We had three bullish reports calling for a dollar (NYSEARCA:UUP) breakout since October 10th (See here, here, here). We think the strength can continue with investors running for cover from euros and European financial risk.
Here's Our Recent Calls
Source: Interactive Brokers
Above are our three recent calls that we were bullish on the dollar as we thought it could break out. The last call we needed it to start moving up to confirm and it did.
Here's What We See Now
Source: Interactive Brokers
As we zoom out on the dollar ETF UUP you can see the dollar has just broken out of a longer term base.
The action that decided where it failed and dropped back looks now a little more powerful than past tries.
We believe there is a fundamental reason for a bigger potential breakout.
Bonds Dropping Worry Europe: Investors Need Dollars
Dollars are seen as a safe haven.
The ECB is keeping rates low of course to drive the economy. An underlying need to drive the economy however is to keep weaker European banks on life support. Many European banks are struggling to stay afloat. Lower rates help keep them breathing.
A spike in yields and a drop in bond values are a major risk. This risk comes suddenly and unexpectedly.
As weaker banks in Europe have to deal with declining values of their bond holdings their financial health comes into question.
This fast sudden bond drop is a risk for the European banking system. If so it's a risk for the euro as well. That's why investors are clamoring for dollars as soon as bonds dropped. The two moves happened together.
We see two main reasons for European investors to need dollars.
1) Selling Euro Debt
2) Selling US debt
Selling Euro Debt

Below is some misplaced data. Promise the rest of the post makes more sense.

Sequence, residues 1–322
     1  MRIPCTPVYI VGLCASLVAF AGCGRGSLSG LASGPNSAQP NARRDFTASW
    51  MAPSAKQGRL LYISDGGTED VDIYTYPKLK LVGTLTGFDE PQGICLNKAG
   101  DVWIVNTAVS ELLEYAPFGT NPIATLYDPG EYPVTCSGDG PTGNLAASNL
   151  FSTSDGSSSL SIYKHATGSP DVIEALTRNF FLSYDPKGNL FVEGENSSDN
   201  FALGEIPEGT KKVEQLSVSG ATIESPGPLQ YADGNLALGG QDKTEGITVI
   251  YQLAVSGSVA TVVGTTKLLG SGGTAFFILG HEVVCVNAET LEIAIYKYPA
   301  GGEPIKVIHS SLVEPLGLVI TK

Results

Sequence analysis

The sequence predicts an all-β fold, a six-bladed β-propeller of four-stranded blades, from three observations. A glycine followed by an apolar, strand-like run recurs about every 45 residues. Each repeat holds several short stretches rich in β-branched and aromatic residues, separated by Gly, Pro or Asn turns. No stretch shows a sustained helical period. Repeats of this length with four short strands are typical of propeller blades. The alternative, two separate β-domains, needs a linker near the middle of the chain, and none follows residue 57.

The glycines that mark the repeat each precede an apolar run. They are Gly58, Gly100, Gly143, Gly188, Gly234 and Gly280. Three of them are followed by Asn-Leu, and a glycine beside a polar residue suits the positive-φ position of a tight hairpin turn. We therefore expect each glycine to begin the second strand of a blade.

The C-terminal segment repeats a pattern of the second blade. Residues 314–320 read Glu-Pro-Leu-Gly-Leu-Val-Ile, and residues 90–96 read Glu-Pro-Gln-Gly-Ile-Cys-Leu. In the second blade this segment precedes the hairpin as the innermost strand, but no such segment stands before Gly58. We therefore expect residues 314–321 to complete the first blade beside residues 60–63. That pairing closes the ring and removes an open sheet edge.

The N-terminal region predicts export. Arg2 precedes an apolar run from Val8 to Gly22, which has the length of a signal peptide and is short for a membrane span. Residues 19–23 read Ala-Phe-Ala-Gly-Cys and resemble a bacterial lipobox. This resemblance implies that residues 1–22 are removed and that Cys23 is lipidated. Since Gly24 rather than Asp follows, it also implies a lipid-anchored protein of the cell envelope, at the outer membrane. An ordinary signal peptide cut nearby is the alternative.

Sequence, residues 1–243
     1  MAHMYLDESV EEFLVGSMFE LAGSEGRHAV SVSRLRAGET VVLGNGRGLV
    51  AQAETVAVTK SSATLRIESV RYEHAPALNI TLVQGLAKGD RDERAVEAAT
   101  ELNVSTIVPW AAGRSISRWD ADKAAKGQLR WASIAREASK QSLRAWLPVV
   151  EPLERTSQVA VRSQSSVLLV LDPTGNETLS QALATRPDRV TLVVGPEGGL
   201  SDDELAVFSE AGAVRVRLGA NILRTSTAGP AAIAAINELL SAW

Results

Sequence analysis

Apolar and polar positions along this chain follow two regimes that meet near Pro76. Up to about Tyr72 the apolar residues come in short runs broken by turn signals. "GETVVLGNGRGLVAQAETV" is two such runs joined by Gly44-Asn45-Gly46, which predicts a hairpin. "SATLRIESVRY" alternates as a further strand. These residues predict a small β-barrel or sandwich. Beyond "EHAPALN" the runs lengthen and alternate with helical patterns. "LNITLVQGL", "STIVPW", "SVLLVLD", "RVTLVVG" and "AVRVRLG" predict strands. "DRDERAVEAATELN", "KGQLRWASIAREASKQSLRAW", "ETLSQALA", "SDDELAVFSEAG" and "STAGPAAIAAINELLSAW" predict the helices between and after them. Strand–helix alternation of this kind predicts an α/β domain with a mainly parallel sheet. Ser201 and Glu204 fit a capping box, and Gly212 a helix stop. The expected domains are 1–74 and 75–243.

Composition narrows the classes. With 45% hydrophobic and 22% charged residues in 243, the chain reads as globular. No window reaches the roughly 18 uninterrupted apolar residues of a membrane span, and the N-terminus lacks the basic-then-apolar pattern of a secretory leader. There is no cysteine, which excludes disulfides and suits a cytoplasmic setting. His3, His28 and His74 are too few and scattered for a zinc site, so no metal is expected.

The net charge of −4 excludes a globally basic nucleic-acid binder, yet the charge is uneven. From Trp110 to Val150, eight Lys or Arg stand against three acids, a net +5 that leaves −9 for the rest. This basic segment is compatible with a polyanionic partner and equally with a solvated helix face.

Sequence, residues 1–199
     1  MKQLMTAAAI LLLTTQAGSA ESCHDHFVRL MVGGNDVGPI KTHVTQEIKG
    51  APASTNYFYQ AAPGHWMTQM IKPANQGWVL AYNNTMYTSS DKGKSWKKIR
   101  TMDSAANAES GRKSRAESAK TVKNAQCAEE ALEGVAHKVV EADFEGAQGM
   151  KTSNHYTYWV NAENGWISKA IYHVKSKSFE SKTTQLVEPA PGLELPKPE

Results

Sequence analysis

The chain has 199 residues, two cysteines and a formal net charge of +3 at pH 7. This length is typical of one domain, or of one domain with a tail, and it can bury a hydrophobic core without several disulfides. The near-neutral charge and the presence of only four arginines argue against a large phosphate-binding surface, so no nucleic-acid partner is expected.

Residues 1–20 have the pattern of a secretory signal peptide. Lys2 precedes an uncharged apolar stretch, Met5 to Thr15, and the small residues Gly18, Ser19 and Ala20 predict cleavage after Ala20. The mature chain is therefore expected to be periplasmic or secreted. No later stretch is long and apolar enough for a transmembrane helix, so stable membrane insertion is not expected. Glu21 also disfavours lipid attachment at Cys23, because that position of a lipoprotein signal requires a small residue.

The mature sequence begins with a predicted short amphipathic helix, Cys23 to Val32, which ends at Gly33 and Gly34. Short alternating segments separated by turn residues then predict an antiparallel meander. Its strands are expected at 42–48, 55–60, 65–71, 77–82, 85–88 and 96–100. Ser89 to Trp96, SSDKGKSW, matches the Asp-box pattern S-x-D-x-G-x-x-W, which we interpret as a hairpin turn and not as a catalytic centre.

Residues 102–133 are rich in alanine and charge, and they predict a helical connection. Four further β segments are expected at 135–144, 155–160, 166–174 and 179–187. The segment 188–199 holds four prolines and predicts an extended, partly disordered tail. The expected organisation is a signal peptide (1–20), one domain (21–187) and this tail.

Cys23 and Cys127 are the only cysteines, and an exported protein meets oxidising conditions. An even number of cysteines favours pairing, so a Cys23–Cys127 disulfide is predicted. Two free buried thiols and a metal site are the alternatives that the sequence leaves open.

Selling Euro Debt means investors are worried what higher rates will mean for EU banks (as we said above).
Higher inflation could also stall ECB's bond buying. The ECB is the only buyer in town. If they stop buying (which we think inflation can cause) then the bond rout continues. Investors need to get ahead of that. That reminds them the Eurozone is weak and so they want dollars.
Exiting EU debt also could point to US debt demand to come. The US banks are perceived to be more stable than the EU system. Selling EU debt could cause diversification to want to buy US debt in the future.
Selling US Holdings
As European investors sell their EU exposure they probably sell some foreign exposure. That foreign exposure may have been hedged by shorting dollars.
Let's think about it.
If I'm an EU investor and own US debt I may want to hedge out my foreign exposure in that security by shorting the foreign currency and buying my own currency. That shorting of foreign currency cancels out my holding's foreign currency exposure. As I now sell that US debt I need to close out my currency hedge. That dollar short cover makes me need dollars.
Selling bonds begets dollar demand.
If bond routs continue the dollar should go up.
As inflation causes worry that the ECB will stall their historic buying campaign the dollar goes up.
We think the dollar has already broken out.
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